Thursday, December 2, 2010

Dark Water

drinking waterImage via Wikipedia
Sometime in early 2007, the smiling technicians from Eureka Forbes (Yes, the "Friends for life" people from TV) came smiling into my house and set up a water purifier system, the drilled-into-our-heads-through-incessant-ads Aquaguard system in one corner of my house. This was the second Aquaguard system being installed in our house, adding on to the one already installed in my uncle's kitchen. It just goes to show that if you run your publicity campaign before the advent of attention splintering multi-channel satellite TV in any country, you have your loyal customers booked for life.
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I have no complaints with the service that the machine gives. It's as close to perfection as any machine can get. Litres and kilolitres of potable water have poured out of its tiny nozzle and it has never even hiccuped (fingers crossed/touch-wood). What I do have an issue with it is the tremendously ominous music that plays along while the purified water is pouring out.
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The aforementioned first Aquaguard of our house was installed by my uncle a long long time and the music it plays is a tinny monophonic version of "Sochna Kya Jo Bhi Hoga Dekhaa Jayegaa [Why worry too much, we'll take life as it comes]" from the movie Ghayal (Go to http://www.youtube.com/watch?v=EYCguKQnTm8 if you want to relive your inexplicably weirdly dressed early 1990s Bollywood memories) while the water pours out. It was a song whose lyrics are positive to say the least. Like so many other Bollywood movie songs, this song was a direct lift, this time from a Spanish song "Llorando se Fue" by Los Kjarkas (Go to http://www.youtube.com/watch?v=mT4T5GyGqRQ if you want another good laugh). "Llorando se Fue" apparently in Spanish means "Crying... one went away"(so says my favourite translator http://babelfish.yahoo.com) but I don't understand Spanish all that well and for me that tune was permanently associated with the cheery spirit of the Hindi version than its morose Spanish one.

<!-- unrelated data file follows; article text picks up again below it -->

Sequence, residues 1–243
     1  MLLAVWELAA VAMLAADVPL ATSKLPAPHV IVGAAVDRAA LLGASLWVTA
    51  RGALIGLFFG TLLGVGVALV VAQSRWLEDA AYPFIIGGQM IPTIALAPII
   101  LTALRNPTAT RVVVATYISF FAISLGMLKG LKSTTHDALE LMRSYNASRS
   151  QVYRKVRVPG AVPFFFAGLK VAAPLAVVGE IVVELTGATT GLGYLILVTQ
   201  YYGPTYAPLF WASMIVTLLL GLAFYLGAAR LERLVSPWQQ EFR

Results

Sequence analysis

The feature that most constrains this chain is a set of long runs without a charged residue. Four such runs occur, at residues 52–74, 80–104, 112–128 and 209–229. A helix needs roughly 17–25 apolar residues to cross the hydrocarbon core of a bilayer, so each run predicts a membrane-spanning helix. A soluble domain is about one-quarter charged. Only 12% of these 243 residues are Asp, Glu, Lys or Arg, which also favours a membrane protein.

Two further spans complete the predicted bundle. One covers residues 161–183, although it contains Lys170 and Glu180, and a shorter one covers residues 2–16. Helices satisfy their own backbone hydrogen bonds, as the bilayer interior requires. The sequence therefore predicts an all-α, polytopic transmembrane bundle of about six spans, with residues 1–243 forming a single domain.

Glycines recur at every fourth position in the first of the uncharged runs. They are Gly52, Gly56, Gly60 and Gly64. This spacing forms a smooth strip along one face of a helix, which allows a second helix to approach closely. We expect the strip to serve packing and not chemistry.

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With the passage of time, like monophonic ringtone technology on cellphones had morphed into polyphonic grandness, the new Aquaguard, my Aquaguard has spectacular polyphonic speakers. So what does it choose to play? A musical piece which combines the sentiments of the words "gloomy", "depressing", "foreboding", "menacing" and a few hundred more of that nature from the English dictionary. I don't know what the name of this new tune is and neither do I want to find out. There is just that one tune and although I understand it made business sense not to include an in-built MP3 player, but couldn't it have been a more cheery one. Cheery tunes I would imagine sound so much better on polyphonic speakers.
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Early in the morning groggy with sleep or late at night drained by the day's work, standing in front of the purifier to fill up rows of waiting PET bottles is almost an ordeal. A quick press of a button quickly mutes the awful tune in the real world but it keeps on playing like a funeral song at the back of your mind all the while it takes to achieve the drinking water supply targets. Someone at Eureka Forbes seems intent on teaching us about the true tragic nature of life while we get our day's quota of water. There are days when you can't help but agree with the infernal machine's outlook towards life. But on days when the sun is full and bright outside and you realize how much worse things could have been, you feel like getting into The Joker mode and ask the forever depressed Aquaguard "Why so serious?"
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1 comment:

R I T I said...

he he :D I have to agree it is the most depressing tune EVER !! It's playing in my head right now.. :/